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Why you need an API

As a Bluepark customer you are probably aware of the existence of the Bluepark Application Programming Interface (API) but I doubt
you are aware of everything that you can do with it. The Bluepark team have done an amazing job in giving every Bluepark customer
the chance to not only access your own back-office data but the 'glue' to connect it with numerous others.

Let me explain....

There are two broad processes that you can use an API for.

      1) You can  retrieve records from your own Bluepark site(s), do something  of value to them
          and possibly
send them back to Bluepark in a better format than you retrieved them.

      2) You can connect to one or any number of third-parties that also have their own API and
           pull/push their data with Bluepark.

You need some software in the middle to talk to Bluepark and possibly the third party. This is API software. If you have more than
one Bluepark shop then you have even more incentive to connect. I can think of maybe a dozen things that I could do with 1) and there
are at least a dozen processes we have yet to do with 2) , but these will be the subject of a future article.

No business can be unconnected today. If you have re-keyed an invoice into Bluepark, exported a CSV file to another system then
you are effectively the API. You will be loosing a battle with competitors on accuracy, speed and your own opportunity cost.

Do you make mistakes? Is it laborious and an unsatisfying waste of your precious time? I expect it is because I have been there too!
If you are selling on channels other than Bluepark; how do you keep your stock levels synchronised. How do you get data out of
Bluepark into a printed label? Getting purchase orders via email and still typing them into Bluepark? Each of these interactions is a source
of friction for your business. 

An exercise to find your first or next API

Draw a circle in the middle of an A4 sheet of paper and write your business name inside it. Now write all the suppliers, agencies,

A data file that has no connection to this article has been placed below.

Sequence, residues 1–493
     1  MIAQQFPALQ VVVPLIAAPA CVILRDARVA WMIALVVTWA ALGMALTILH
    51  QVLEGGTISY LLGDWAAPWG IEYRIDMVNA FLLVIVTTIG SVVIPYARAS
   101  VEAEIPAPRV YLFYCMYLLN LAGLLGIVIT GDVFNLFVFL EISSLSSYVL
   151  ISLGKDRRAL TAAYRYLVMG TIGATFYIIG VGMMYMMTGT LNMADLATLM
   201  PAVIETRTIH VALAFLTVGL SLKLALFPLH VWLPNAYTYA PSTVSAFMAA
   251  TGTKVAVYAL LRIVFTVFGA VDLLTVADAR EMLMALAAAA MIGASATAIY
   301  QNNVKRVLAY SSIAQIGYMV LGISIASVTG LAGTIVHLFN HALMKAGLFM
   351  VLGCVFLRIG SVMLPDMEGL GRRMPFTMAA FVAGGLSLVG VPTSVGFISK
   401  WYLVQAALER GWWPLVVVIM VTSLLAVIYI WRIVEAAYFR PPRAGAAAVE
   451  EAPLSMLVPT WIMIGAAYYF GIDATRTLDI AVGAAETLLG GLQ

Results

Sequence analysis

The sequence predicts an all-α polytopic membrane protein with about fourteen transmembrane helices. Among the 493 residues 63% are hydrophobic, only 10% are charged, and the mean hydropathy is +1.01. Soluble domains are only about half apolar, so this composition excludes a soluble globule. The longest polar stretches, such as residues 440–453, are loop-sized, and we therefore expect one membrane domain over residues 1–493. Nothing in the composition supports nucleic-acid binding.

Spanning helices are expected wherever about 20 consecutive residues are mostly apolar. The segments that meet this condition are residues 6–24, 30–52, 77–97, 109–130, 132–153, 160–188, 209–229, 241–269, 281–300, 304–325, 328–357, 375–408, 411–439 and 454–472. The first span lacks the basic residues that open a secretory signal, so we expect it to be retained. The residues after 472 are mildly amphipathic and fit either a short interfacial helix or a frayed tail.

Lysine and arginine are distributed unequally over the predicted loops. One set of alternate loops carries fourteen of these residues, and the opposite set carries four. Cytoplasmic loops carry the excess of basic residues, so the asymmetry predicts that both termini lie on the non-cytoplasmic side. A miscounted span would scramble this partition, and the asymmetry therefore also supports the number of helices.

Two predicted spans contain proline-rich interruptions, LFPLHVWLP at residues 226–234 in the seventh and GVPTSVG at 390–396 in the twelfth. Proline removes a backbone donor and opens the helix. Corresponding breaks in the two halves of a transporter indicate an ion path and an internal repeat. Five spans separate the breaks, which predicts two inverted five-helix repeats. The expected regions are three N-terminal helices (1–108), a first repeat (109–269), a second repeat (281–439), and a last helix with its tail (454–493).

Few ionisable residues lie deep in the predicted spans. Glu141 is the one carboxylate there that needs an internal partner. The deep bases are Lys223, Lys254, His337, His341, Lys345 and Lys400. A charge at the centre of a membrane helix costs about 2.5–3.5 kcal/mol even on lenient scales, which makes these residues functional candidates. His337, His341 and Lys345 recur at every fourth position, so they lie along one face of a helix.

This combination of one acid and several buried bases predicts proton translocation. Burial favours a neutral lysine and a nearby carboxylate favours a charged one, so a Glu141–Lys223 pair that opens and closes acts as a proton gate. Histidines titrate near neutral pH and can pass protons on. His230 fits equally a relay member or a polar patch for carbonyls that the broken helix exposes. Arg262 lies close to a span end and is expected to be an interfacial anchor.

distributors, shippers and websites that you interact with around that circle. This could also include social media and marketing sites that
you use daily as part of your business marketing. Connect them with a line, showing the direction of information flow,the frequency, the 
format of the  data and possibly its size.The pipeline metaphor is useful here because pipelines have bottlenecks, valves and flow rates.
We are simply substituting data instead of water. An API is simply the physical 'connector' for many of these pipes.

Next, find the most painful, vulnerable or business-critical flow that you interact with. See if the company has an API.
Even if they don't, you may still be able to integrate better than you think with scrapers, bots and a variety of other automated processes.

If you are happy with the status quo consider the lines on the paper that are not there. What could you do? Some examples...

  •       Send SMS to the customer when an order status changes. 
  •       Add the tracking number to your order from your shipping company.
  •       ​Retrieve your suppliers stock position and ensure that you never over-sell.

I hope that you can now see the liberating possibilities that an API could bring to your business. I guarantee that you will see a high
Return-on-Investment (ROI) should you wish to use one in the future. How do I know this? We use the APIs that we have wrote every day
in our business and could not cope easily without them - we do not employ anybody in either business and our focus on APIs are the
reason why.​

Back to software.

My Background

Before having my own small online business's on Bluepark I spent 20 years connecting large companies to smaller companies
using Electronic Data Exchange (EDI). I started Europe's first Internet document exchange service and sold it in 2000.
It is still thriving 16 years later sending thousands of Invoices, Purchase Orders, Shipping Advices electronically between
companies in demanding Just-in-Time manufacturing and retail environments. I have connected hundreds of companies from
one-man window cleaners submitting invoices to national fast-food restaurant chains to 9 figure amounts in electronic invoices
between bonded warehouses and HMRC.